Initially, he sat down to give me some more information and to answer any questions I might have. The next race would not be starting for another 10 minutes.
He went on to tell me about the routine of the leadoffs before the race, how the head leadout would check their masks and blankets one last time before entering the starting boxes, about the kennels on site, about the paddock where they are washed and checked on by a vet before the race, about the marshmallow treats, and about the cool down showers.
Then he suddenly stopped. He stood up and pulled out a cigarette.
“This is my one vice,” he explained.
After he took a long draw on the cigarette, he asked, “How do I know that you are who you really say you are? How do I know that you actually are a writer and not some activist here to spy on us and cause trouble?’
I almost choked on the sip of water I had been taking. What???
He stared at me, waiting for my response. I did all I could to convince him that I was indeed a writer and came simply to learn and not to uncover something. I could hear myself trying too hard, laying out my resume and experience. I wished I would just shut up. I owed no explanation. But it worked. He was convinced.
He then said I was probably wondering how the place was paying its bills seeing as I appeared to be the only person watching the races. Uh, yes. I was wondering about that. Tucson Greyhound Park ran races four times a week. And there were a few people inside sitting at the bar, and I was alone outside.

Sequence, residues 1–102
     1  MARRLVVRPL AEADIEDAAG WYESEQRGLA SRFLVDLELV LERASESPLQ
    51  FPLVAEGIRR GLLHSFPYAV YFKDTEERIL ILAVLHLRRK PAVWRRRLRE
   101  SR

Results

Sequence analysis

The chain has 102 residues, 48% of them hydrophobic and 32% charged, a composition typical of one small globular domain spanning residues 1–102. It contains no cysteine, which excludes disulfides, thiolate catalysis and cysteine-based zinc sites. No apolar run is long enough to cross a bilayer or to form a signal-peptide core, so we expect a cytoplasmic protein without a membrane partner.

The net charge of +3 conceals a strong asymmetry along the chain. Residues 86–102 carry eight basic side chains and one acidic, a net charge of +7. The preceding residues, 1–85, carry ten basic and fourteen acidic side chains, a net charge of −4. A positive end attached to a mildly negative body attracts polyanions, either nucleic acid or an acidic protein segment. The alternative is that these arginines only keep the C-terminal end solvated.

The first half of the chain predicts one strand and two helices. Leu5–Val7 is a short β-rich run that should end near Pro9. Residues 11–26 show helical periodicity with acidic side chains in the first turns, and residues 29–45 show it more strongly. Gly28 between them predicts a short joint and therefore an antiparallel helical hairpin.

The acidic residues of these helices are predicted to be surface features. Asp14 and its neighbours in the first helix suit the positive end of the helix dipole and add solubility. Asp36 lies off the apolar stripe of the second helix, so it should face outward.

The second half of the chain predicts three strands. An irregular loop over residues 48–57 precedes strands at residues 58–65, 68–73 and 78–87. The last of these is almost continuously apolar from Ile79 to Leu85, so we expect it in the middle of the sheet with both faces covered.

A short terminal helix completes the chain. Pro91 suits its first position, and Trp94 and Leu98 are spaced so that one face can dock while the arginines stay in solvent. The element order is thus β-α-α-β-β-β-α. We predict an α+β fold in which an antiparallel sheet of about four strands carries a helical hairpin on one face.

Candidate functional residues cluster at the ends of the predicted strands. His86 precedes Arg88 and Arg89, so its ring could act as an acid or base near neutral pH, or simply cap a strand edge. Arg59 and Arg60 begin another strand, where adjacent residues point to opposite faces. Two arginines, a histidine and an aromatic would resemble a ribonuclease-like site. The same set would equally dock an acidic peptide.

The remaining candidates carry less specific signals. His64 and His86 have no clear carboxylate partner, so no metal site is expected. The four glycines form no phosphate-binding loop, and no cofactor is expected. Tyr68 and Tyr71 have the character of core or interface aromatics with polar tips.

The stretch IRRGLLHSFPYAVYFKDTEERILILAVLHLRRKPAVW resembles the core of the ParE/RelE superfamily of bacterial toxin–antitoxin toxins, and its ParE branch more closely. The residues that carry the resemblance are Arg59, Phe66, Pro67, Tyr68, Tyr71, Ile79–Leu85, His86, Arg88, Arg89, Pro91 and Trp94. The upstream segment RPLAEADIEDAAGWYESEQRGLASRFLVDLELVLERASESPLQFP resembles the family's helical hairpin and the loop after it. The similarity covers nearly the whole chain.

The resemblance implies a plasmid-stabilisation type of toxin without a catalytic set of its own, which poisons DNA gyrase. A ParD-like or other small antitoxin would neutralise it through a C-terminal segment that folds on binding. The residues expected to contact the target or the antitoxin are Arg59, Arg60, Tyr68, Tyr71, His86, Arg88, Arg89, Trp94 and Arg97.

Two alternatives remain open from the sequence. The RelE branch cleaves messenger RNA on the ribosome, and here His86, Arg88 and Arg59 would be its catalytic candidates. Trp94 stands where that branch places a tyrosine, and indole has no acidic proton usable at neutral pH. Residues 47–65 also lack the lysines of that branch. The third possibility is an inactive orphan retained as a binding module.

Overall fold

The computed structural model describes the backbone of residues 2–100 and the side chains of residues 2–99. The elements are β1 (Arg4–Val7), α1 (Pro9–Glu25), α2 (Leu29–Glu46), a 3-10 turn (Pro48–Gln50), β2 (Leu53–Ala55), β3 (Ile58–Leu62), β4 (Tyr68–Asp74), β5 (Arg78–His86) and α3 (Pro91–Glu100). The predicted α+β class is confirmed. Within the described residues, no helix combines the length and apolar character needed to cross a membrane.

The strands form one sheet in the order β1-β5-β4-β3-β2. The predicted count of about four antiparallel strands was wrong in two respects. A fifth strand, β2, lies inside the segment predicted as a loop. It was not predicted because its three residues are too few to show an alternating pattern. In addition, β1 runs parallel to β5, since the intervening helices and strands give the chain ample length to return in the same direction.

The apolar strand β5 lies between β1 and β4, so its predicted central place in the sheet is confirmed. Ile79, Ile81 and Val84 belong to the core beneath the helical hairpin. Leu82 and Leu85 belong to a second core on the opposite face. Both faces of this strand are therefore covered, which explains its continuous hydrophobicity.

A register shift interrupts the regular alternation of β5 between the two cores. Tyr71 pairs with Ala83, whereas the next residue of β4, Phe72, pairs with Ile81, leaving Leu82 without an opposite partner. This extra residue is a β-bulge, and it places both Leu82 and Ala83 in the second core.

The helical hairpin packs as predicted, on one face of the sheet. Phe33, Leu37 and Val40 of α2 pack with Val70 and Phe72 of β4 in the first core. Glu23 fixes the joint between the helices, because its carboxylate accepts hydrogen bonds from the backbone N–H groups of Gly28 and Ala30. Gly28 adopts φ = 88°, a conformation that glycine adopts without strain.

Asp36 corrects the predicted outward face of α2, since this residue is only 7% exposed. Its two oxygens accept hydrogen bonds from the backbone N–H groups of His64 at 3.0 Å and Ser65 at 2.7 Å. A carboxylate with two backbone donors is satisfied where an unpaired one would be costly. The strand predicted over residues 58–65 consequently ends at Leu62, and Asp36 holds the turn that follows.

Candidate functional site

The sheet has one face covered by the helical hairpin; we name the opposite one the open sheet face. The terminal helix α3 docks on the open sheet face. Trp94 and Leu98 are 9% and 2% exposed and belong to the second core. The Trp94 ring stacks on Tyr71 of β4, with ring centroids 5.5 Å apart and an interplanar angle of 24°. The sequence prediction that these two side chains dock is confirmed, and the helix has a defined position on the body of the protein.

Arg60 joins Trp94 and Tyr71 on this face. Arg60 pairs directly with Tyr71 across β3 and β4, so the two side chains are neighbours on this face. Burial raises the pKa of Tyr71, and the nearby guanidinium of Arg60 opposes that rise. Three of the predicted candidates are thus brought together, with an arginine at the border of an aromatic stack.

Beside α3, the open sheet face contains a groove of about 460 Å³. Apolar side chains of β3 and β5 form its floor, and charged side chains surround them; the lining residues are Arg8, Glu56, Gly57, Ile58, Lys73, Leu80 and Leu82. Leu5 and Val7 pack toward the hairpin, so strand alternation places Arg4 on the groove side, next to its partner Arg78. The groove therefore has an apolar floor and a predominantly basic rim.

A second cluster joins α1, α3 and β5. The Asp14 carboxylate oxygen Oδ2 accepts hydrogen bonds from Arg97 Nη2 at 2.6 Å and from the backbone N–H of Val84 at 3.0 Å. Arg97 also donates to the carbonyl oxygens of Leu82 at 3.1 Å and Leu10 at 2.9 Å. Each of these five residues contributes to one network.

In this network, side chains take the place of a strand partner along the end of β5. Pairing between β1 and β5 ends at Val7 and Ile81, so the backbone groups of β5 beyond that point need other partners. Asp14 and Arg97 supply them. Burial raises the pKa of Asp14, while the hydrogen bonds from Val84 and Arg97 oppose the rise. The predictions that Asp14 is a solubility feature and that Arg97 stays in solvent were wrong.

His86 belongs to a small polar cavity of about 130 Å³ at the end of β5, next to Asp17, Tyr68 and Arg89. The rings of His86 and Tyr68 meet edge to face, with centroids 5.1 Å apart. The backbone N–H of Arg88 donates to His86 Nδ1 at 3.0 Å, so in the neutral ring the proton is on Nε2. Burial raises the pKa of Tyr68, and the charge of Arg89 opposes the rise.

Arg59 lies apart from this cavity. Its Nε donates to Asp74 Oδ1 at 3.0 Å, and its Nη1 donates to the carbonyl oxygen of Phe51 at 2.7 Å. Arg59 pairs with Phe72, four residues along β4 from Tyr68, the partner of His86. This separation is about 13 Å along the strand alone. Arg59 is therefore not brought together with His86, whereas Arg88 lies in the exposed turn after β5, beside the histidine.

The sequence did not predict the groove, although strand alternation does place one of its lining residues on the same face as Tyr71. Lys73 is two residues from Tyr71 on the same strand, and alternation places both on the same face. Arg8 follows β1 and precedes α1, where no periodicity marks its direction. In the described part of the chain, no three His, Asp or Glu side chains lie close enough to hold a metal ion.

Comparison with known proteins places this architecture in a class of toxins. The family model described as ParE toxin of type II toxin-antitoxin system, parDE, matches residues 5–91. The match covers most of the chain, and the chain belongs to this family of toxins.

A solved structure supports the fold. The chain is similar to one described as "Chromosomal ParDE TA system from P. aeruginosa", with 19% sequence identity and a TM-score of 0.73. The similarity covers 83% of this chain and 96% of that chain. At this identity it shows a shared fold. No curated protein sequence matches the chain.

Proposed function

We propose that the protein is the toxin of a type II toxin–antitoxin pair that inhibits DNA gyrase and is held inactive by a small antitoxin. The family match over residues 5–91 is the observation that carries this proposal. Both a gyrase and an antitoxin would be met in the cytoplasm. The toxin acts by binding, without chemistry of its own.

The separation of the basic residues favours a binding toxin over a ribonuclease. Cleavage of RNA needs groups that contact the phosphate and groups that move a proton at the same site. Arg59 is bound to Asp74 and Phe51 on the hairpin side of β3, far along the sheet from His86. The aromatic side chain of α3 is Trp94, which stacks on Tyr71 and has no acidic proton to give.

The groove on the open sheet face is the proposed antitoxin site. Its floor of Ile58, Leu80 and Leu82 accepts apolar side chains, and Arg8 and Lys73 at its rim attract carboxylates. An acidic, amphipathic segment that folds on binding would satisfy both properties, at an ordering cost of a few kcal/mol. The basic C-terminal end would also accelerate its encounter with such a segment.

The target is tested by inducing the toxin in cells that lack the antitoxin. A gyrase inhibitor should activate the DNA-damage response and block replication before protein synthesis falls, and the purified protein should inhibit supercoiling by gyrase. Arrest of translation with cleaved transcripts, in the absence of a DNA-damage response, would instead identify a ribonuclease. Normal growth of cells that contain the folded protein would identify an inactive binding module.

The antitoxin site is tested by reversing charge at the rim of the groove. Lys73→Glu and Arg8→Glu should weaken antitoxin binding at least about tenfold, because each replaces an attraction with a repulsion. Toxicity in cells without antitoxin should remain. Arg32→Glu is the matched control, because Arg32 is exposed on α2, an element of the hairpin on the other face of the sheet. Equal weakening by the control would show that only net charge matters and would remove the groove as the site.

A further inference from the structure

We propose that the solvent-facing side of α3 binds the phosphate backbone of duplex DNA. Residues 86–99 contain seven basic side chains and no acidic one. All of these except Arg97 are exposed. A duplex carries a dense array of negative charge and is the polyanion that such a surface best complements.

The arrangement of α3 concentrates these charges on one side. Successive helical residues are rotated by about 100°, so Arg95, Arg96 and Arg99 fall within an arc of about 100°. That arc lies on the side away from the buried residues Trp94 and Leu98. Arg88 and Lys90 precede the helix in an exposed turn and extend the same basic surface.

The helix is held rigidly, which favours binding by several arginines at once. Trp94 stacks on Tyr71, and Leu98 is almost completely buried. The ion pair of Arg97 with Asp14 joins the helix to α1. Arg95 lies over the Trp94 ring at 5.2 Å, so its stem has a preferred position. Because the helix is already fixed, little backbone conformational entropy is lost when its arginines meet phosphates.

There used to be a day, he explained, when thousands attended these races. But today, the track makes its money not at this location but through off track betting and simulcasts. Well that explains that.
Just about then, announcements for the second post started. Dale told me he was going to check on a few things and that he would be happy to answer any other questions I might have throughout the night. However, that was the last I saw of him.
I pulled my camera out to try to capture some photos of the dogs, and despite the fact that I have a really nice Canon DSLR with a special lens for dark environments, the track was too dark and the dogs were too fast. I just could not get the kinds of shots I had hoped to get.